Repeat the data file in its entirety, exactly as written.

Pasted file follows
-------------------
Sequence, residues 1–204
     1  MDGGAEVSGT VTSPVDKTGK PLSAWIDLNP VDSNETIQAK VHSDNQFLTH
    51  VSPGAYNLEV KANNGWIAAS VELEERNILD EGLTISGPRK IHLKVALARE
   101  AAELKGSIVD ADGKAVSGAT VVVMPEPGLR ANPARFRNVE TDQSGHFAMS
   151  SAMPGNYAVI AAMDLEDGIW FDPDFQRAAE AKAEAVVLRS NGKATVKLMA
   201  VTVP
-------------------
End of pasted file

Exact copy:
Sequence, residues 1–204
     1  MDGGAEVSGT VTSPVDKTGK PLSAWIDLNP VDSNETIQAK VHSDNQFLTH
    51  VSPGAYNLEV KANNGWIAAS VELEERNILD EGLTISGPRK IHLKVALARE
   101  AAELKGSIVD ADGKAVSGAT VVVMPEPGLR ANPARFRNVE TDQSGHFAMS
   151  SAMPGNYAVI AAMDLEDGIW FDPDFQRAAE AKAEAVVLRS NGKATVKLMA
   201  VTVP